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Bob Hope Airport Is A Major Asset To The Economic Growth In LA

Located within the 'media capital of the world,' Bob Hope Airport in Burbank serves the northern chunk of greater Los Angeles, which includes Glendale, Pasadena and the San Fernando Valley. It is an airfield that does more than transport travelers to and from their destinations. Established in 1930, the airport has grown to become a significant contributor to metro L.A.'s economy.

According to a recent study, conducted by the Los Angeles County Economic Development Corporation, the airport generated some 12,440 jobs during its 2013 fiscal year, with a total economic impact of $1.8 billion. The bustling facility also revved up $663 million in labor income, which benefited not only employees, but a wide variety of industry sectors within its expanding supply chain.

Of the 11,710 workers hired in the field of operations, nearly one-third of the gainfully employed laborers were placed in transportation and warehouse divisions. Another 28 percent of the workforce picked up jobs in food and accommodation services. The remaining 730 available positions went to construction workers that were needed to build the airport's spanking new $112 million Regional Intermodal Transportation Center (RITC). This enormous project is the largest capital endeavor in the airport's history.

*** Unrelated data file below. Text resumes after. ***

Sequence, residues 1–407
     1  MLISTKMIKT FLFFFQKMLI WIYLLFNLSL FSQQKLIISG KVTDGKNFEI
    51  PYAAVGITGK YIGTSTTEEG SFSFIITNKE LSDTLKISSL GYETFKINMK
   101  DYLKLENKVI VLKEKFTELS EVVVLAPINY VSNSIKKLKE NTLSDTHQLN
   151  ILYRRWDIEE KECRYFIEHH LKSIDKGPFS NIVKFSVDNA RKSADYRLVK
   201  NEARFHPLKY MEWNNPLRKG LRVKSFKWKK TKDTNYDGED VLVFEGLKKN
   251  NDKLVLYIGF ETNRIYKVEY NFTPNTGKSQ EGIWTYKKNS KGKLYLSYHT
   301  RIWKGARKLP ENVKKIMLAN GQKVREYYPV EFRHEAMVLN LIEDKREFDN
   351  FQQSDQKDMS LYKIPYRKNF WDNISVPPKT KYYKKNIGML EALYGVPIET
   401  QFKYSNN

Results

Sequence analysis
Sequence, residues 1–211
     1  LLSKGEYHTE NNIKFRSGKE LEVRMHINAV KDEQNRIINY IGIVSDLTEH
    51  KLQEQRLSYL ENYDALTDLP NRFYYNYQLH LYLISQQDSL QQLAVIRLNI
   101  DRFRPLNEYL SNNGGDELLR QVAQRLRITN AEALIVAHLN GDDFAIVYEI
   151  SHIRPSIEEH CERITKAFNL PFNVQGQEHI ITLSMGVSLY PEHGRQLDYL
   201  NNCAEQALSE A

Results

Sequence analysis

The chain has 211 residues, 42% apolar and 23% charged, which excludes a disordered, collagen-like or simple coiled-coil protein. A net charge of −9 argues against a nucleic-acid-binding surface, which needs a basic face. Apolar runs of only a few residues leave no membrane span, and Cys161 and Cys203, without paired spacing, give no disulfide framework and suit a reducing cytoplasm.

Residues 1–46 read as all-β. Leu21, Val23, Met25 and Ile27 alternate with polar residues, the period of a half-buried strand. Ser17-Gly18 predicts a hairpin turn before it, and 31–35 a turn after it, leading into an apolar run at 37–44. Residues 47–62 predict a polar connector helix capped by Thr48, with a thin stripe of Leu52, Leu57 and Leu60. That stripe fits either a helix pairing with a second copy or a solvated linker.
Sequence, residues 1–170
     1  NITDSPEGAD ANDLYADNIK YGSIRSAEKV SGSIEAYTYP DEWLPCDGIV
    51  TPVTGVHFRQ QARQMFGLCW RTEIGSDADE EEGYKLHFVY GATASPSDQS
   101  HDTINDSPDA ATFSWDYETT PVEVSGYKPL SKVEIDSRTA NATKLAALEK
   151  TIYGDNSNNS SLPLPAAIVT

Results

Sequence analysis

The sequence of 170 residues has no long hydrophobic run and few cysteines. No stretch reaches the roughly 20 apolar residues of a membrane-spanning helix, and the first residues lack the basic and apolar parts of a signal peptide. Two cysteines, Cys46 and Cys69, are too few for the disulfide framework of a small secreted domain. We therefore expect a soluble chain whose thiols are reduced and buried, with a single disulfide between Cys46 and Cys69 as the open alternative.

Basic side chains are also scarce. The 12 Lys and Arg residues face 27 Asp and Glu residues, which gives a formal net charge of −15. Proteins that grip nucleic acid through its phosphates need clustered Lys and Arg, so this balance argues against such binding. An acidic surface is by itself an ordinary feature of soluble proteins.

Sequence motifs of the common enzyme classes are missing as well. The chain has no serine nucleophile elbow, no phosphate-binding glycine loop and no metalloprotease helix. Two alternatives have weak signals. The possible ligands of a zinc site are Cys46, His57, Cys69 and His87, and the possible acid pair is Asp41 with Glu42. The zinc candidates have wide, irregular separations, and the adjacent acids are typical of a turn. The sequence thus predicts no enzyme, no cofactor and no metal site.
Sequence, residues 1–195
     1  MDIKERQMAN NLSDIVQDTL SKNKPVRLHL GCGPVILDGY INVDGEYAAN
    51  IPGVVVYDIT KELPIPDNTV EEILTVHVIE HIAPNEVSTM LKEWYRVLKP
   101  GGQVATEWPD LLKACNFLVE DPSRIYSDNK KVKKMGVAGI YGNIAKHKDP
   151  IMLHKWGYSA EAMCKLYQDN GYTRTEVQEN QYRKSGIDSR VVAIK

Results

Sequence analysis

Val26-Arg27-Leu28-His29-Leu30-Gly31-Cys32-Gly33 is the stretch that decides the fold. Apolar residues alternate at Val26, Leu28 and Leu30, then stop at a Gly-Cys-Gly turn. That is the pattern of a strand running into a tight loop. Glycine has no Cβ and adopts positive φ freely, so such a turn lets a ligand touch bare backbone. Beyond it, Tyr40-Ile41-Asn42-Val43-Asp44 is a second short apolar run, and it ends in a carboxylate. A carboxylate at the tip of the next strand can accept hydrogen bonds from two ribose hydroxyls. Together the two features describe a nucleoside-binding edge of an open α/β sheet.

When the complex opened in June of 2014, Bob Hope Airport became the first airfield in the area with a direct-rail connection to downtown Los Angeles. RITC houses a new bus transit station and rental car amenities. It is connected to a passenger terminal by way of an elevated walkway. Transit authorities have also announced plans to build a pedestrian bridge that will connect RITC to an existing Metrolink station.

Much like its namesake, Bob Hope Airport is praised for its expert timing and sensitivity to the needs of many. On September 15, the airport became the first in the nation to offer TSA-approved footwear to passengers that are waiting for their shoes to clear security checkpoint screenings. The non-skid booties are designed by California-based BLT Innovations. Now, quite a few of the airport's four million annual passengers will be able to keep their tootsies covered, while helping to support a woman-owned enterprise.

Sharon Raiford Bush is an award-winning journalist who covers topics of social interest in greater Los Angeles. Some news articles she has authored have been archived by the Smithsonian Institution in Washington, DC. Sharon also contributes to

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